Background: The objective of this study was to evaluate the consistency, coherence, and interobserver reliability of the Portuguese version of the Scandinavian Stroke Scale (SSS) in a multicultural population of stroke. Methods: The SSS was translated, culturally adapted, and applied by two independent investigators. This was a randomized transverse study involving two groups: group 1 included 20 patients in the acute phase and group 2 included 20 patients in the subacute phase after stroke was confirmed by computed tomography with a pre-stroke modified Rankin Scale score of 0. Each patient also underwent National Institutes of Health Stroke Scale (NIHSS) evaluation at hospital entry and at the time of the SSS evaluation for correlation with our current standard hospital practice. Consistency and coherence were analyzed by Cronbach’s α and interobserver reliability by ĸ. Results: Forty patients were evaluated with 0.88 consistency and coherence in both stroke phases. Mean interobserver ĸ was 0.76, with reliability considered excellent and good for most scale items, and moderate for only the facial palsy item. Conclusion: The SSS is adequate and validated to study post-stroke patients in a multicultural Brazilian population and in the Portuguese language.

Stroke is the main cause of mortality and incapacity in the USA, Latin America, and in the Brazilian population, with around 200,000 cases annually [1,2,3]. Instruments to evaluate individuals after stroke have become increasingly important today in order to determine incapacity level or to help evaluate behaviors and observe the efficacy of proposed treatments [4].

The Scandinavian Stroke Scale (SSS) is designed to give a score based on level of consciousness, eye movement, and severity of paralysis [5,6]. Many studies have used the SSS to measure disability or evaluate prognosis of stroke patients and to compare treatment outcomes [7,8,9,10], and its application has become routine in hospitals treating stroke patients since it can be used as a predictor for morbidity, mortality, and incapacity level in this population [11,12,13].

Although two thirds of stroke cases occur in developing countries, most evaluation instruments have been developed in the English language. A review of the literature did not reveal a version in the Portuguese language or any study on its reliability in Brazil. The objective of our study was to evaluate the consistency and coherence of the instrument and the interobserver reliability of the Portuguese version of the SSS in post-stroke individuals.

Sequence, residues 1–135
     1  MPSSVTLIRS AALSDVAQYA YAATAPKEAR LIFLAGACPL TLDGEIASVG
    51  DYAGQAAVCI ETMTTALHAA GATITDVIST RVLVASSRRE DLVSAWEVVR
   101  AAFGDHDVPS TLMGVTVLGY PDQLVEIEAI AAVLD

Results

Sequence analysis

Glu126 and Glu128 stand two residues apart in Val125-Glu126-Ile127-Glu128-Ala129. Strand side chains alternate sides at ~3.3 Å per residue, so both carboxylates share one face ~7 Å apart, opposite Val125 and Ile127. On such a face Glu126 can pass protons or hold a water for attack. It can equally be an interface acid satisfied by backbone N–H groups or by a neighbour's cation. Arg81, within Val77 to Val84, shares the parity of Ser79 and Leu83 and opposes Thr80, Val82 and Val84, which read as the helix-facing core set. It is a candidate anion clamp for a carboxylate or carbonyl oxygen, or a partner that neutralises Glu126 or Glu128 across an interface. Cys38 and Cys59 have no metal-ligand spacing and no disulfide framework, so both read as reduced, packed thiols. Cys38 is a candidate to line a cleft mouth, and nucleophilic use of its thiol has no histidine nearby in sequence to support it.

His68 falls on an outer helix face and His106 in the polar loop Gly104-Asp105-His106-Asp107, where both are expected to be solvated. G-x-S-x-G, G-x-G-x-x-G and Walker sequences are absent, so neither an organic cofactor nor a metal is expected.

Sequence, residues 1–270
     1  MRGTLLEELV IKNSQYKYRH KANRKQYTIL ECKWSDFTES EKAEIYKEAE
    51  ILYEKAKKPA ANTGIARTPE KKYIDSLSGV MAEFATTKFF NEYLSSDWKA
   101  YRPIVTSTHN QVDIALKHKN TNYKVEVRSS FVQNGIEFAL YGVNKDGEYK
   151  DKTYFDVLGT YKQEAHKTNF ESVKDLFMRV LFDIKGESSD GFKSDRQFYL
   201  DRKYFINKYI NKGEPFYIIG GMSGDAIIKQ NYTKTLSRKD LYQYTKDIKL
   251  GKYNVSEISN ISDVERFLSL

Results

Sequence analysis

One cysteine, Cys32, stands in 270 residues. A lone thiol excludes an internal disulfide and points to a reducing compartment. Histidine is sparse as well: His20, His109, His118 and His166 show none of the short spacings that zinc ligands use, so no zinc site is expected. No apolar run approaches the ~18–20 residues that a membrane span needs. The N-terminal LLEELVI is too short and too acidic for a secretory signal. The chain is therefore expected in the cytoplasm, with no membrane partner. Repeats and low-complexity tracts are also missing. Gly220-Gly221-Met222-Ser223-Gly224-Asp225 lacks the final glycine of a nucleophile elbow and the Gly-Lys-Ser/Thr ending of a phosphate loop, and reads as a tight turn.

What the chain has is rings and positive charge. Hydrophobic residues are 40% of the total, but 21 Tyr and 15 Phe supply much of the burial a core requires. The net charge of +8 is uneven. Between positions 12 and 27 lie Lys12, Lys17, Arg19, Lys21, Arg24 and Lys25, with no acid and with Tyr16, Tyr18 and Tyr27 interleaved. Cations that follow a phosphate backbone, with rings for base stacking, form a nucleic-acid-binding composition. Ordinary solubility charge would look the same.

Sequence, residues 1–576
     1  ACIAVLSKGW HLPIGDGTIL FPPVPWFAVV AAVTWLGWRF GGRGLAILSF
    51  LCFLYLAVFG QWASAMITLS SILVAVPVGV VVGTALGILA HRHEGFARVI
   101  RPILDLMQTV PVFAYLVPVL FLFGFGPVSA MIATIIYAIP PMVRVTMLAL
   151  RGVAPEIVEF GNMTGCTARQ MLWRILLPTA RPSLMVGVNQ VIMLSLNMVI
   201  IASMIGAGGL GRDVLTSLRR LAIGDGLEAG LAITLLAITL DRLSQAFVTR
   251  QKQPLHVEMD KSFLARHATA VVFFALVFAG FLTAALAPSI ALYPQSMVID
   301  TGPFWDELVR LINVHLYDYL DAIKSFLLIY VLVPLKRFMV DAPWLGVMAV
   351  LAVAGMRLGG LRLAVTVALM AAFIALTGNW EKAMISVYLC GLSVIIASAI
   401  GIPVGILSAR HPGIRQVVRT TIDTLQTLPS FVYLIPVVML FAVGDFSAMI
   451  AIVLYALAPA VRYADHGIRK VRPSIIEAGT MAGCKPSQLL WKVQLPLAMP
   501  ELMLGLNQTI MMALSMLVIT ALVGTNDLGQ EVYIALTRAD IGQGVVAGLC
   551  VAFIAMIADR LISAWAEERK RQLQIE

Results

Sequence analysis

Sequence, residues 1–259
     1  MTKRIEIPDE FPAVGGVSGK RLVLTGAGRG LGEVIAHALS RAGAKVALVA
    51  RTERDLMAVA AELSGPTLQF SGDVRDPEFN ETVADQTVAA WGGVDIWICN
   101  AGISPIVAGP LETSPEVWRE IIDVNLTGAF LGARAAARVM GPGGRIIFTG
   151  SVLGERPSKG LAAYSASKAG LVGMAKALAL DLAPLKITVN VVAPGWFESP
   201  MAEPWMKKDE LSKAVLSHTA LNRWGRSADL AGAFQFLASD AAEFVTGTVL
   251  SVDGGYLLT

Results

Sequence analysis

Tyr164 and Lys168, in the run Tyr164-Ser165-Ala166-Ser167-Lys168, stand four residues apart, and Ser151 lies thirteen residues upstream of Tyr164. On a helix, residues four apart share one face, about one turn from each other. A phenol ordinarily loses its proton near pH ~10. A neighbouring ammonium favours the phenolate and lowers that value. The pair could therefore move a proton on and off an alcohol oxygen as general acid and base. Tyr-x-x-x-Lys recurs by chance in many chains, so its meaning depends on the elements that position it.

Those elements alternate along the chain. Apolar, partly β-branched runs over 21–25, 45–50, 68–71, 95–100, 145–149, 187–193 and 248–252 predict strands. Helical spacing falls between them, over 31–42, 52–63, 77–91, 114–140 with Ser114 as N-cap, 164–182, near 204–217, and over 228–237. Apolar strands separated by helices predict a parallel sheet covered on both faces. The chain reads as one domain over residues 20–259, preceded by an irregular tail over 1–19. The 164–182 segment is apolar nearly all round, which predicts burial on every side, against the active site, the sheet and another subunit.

After approval by Botucatu School of Medicine (University Hospital Research Ethics Committee), 40 patients were evaluated between January and July 2012 with a diagnosis of stroke confirmed by head computed tomography. This was a randomized transverse study involving two groups: group 1 included 20 patients in the acute phase (up to 48 h after the ictal phase) and group 2 included 20 patients in the subacute phase (from 48 h to 1 month after the ictal phase). Patients with acute- or subacute-phase unique unilateral stroke, aged >18 years, and with a score of 0 on the modified Rankin Scale (mRS) were included, while patients with other associated central or peripheral neurological diseases, prior stroke or a score of ≥1 on the mRS were excluded. The SSS was initially translated into Portuguese by a Brazilian specialized professional fluent in English. After initial translation (version 1), the scale was sent to a native English translator, resulting in a reverse translation (version 2). Versions 1 and 2 were evaluated by the authors by comparing them with the original text to correct discrepancies and draw up a compatible version without inconsistencies (table 1). This instrument was applied by two physiotherapists from the neurorehabilitation team with each assessor receiving a copy of the scoring criteria and the general rules for the scale a week prior to application; the scale was applied in an independent manner, without prior knowledge of the neurological alterations or scoring of the other assessor. The SSS contains nine items which generate a minimum score of 2 (worst neurological compromise) and a maximum score of 56 (without neurological compromise), with item 1 = consciousness (score 2–6); 2 = eye movement (score 0–4); 3 = arm motor power (score 0–6); 4 = hand motor power (score 0–6); 5 = leg motor power (score 0–6); 6 = orientation (score 0–6); 7 = speech (score 0–10); 8 = facial palsy (score 0–2), and 9 = gait (score 0–12). In addition to the SSS, it is routine in the hospital neurology service to apply the National Institutes of Health Stroke Scale (NIHSS) upon patient arrival; the NIHSS was reapplied at the same time as the SSS by both assessors.